What?! You’re a musician?! Then you know it’s tough out there.
On the road, in the studio, in your bedroom practicing, writing, getting ready to bare your musical soul.
Here are some tidbits of advice from 10 ladies who have put their doubts and reservations aside (Yes, they still have them, but that’s a topic for another article). They’ve faced skepticism, arrogance, confusion, exhaustion and so much more. And they’ve been gracious enough to share a morsel of inspiration with all of you who are doing the same.
While I’m at it, here’s my bit of worldly wisdom: I believe in good karma. Help your friends, co-workers and fellow musicians -- without asking for anything in return. Don’t be a patsy, but DO be generous. Somehow it comes back to you in ways you could never dream of!
And now, a few words from some amazingly talented ladies. Read on and be inspired!
Mostly I’d just say to remember that music is the reward. Sometimes people get their feelings hurt, or they start to feel unappreciated, and maybe they’ll start comparing themselves to other people’s careers. It’s just a sad trap to get into, because really if you get to play, that’s the success. Anything else you do with it is icing on the cake. Money and music aren’t related!
My advice is don’t get too focused on female or male, because music is music and it has no gender whatsoever. So when you play, you have to become you. The idea is to become the music you’re playing for, just forget about who you are. You are a man, or a woman, or an old lady or a dog or whatever. Play and practice and be inspired more than being disciplined, because discipline is fucking boring. Instead, if you get inspired, you want to play all day long.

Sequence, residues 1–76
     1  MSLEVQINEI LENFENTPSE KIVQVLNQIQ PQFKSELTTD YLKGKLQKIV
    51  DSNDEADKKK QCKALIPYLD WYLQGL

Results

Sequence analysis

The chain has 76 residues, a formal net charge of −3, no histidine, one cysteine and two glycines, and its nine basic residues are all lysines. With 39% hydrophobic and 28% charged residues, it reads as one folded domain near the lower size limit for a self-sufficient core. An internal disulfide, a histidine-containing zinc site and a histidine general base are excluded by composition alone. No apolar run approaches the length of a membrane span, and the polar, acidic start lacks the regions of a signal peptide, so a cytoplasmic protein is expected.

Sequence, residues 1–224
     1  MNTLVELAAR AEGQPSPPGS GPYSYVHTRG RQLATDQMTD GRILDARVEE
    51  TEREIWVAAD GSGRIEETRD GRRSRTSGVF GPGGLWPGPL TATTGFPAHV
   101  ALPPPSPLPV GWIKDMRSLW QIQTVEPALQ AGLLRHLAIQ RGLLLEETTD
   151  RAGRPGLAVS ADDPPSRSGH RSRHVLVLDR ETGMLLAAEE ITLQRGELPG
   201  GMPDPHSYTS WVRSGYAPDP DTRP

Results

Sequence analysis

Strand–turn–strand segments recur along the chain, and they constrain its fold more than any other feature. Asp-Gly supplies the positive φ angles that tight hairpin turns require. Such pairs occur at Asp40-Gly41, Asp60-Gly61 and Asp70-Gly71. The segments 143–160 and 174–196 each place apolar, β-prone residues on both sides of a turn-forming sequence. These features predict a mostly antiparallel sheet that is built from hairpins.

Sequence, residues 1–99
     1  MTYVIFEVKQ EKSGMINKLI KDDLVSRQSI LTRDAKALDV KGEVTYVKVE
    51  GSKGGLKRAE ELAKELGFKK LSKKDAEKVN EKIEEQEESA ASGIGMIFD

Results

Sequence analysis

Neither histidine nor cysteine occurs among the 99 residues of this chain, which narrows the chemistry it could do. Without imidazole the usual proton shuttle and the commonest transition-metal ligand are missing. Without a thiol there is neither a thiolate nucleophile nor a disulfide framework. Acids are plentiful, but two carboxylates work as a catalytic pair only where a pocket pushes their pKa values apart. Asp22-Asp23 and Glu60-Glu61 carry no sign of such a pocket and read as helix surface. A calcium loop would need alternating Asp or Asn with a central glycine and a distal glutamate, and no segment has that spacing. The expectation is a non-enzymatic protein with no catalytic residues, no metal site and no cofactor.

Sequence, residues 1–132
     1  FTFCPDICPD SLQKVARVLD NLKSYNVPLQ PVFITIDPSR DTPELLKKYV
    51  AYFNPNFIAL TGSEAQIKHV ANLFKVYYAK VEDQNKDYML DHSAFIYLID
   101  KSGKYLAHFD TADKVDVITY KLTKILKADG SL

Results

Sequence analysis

As an artist, I think that’s it’s important that you be unique. The more that you do who you are, and no matter what that is, no matter who that is, that is how you truly will shine. The most important thing I would say to anybody is really do you. And if you are doing yourself, you are gonna find the people who totally get you. I promise you this. And it’s going to feel right, and it’s gonna be right, and it’s gonna move mountains.
And I also would say, you should treat people the way you really want to be treated. And I think it’s important to... For me, no matter how anybody runs as a business aspect, however anybody does their business, YOU always be fair. And always stick to your ground.
I think it’s just really important to figure out what you want and listen to yourself. Take time to do what’s best for you, and that’s not always the same for everybody, for all musicians. Musicians are all people. And I think, that a lot of times people think there’s some formula that you have to follow, y’now? And being a musician, and getting your name out there, and doing certain types of tours, and all kinds of stuff. Really, you can just do it however you wanna do it. And that it’s different for everybody. I think that would be my best advice.
I rarely take my own advice on tour, but I would just say try to stay positive, take Emergen-C and don’t yell at people!